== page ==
In the charming village of Odd, nestled 75 miles south of Charleston, West Virginia, an extraordinary family known as the Whittakers has led a life unlike any other. Their story, illuminated through the lens of documentary producer Mark Laita in a captivating 12-minute film on his YouTube channel, “Soft White Underbelly,” unveils the remarkable intricacies of their daily existence and the hurdles they navigate due to their distinctive genetic heritage.

The Whittaker clan, comprising Larry, Betty, Kenneth, Ray, Timmy, and Lorraine, have been leading a life secluded from the outside world, communicating in a language of grunts and barks, evading contact with the broader society. Their eccentric way of life has often drawn comparisons to the enigmatic characters from the 1972 thriller film “Deliverance.” Laita’s initial encounter with the Whittakers in 2004, as he sought to photograph them for his book, “Created Equal,” aimed to celebrate the diverse tapestry of cultures across the United States.

At the heart of their genetic complexities lies the fact that their parents were double first cousins, sharing both sets of grandparents. This unconventional familial bond has given rise to various behavioral idiosyncrasies, thoughtfully documented by Laita. Returning to the family in 2020, he delved deeper into their lives and subsequently embarked on the creation of a documentary, driven by a profound desire to share their unique story with the world.

In the latest installment, Brandon, a 20-year-old mine maintenance worker and an integral member of the Whittaker family, takes the spotlight to introduce his newfound son, Braxton, to the world. This heartwarming addition to the family marks a momentous event. Brandon’s revelation of an unnamed daughter adds layers of complexity to their intricate familial relationships.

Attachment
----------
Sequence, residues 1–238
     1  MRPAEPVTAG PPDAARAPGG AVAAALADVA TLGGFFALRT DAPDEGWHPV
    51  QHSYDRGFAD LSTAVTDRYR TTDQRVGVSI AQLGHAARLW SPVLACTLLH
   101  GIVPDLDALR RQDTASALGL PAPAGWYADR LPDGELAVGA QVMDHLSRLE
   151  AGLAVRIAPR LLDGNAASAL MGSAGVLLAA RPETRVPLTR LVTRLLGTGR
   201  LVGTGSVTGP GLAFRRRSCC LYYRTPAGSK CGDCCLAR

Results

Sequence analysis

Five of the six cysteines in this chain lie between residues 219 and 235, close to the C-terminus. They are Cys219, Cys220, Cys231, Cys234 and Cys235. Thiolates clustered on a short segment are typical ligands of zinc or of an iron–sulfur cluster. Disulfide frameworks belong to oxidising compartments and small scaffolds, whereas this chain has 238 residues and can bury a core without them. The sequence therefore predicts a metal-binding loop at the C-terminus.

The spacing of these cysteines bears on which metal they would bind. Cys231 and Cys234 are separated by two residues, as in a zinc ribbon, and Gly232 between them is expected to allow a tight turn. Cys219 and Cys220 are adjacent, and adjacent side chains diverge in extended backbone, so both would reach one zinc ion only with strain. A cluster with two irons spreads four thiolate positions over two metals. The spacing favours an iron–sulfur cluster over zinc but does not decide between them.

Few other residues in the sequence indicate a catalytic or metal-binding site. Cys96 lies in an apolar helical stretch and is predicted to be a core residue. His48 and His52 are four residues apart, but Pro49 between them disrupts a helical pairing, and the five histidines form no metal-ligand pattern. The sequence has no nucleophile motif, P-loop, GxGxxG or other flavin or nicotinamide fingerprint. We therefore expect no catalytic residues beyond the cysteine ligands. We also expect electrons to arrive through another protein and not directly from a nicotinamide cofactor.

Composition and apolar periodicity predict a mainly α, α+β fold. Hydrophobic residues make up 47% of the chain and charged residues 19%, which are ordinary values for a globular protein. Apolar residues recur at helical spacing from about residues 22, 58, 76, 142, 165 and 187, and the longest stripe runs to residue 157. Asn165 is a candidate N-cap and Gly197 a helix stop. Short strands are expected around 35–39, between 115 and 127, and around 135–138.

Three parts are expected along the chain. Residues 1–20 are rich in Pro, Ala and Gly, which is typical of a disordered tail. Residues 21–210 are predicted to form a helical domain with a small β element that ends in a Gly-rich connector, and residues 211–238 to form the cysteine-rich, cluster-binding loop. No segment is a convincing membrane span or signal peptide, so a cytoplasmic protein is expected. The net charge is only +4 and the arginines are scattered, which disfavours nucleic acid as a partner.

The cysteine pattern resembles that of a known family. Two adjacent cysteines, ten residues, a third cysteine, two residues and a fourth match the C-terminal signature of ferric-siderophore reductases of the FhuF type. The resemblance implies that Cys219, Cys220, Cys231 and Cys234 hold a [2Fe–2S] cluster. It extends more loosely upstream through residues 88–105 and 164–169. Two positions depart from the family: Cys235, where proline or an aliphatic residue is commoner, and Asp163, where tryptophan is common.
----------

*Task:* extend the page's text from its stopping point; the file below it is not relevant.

Laita’s documentary not only unveils the Whittakers’ struggles but also captures poignant moments, such as great-grandmother Betty tenderly bouncing baby Braxton on her knee, all while smiles radiate. These intimate glimpses into their lives offer a richer, more nuanced perspective of the Whittakers, shattering the stereotypes that have long clung to their reclusive existence.

However, the documentary doesn’t shy away from portraying the challenging living conditions that the Whittaker family endures. Their cramped and humble abode in the impoverished village of Odd, West Virginia, is far from ideal. Sharing their living space with several animals underscores the daily hardships they confront.

While the documentary artfully portrays the family’s struggles, it also raises questions about the consequences of inbreeding. Discover Magazine notes that inbreeding can lead to a gamut of side effects, including diminished cognitive abilities, stunted growth, reduced lung function, and a heightened susceptibility to diseases. Remarkably, the Whittaker family members themselves did not initially connect their genetic issues to inbreeding.

In a bid to improve the living conditions of the Whittaker family, Mark Laita initiated a GoFundMe campaign in 2022, which has thus far amassed a generous sum of $46,433. Nonetheless, the documentary has not been without its critics, who argue that it treads the fine line of exploitation. They contend that it perpetuates stereotypes surrounding inbreeding in the Appalachian region, a burden that has plagued these communities for decades.

West Virginia, as one of the United States’ poorest states, faces its own share of challenges, and Odd, the Whittaker family’s home, boasts a population of just 800 residents. A staggering 17 percent of West Virginia’s 1.77 million inhabitants live in poverty, surpassing the national average. This glaring wealth disparity adds yet another layer of complexity to the struggles faced not only by the Whittaker family but also by countless others in their community.

In conclusion, the Whittaker family’s extraordinary journey serves as a poignant reminder of the multifaceted nature of their isolated existence and the hurdles they surmount due to their unique genetic heritage. Mark Laita’s documentary offers an intimate portrayal of their lives, prompting vital discussions about inbreeding and the imperative to support impoverished communities like Odd, West Virginia. While the documentary has faced its fair share of criticism, it underscores the importance of addressing the underlying challenges faced by families like the Whittakers, as we collectively strive toward their betterment.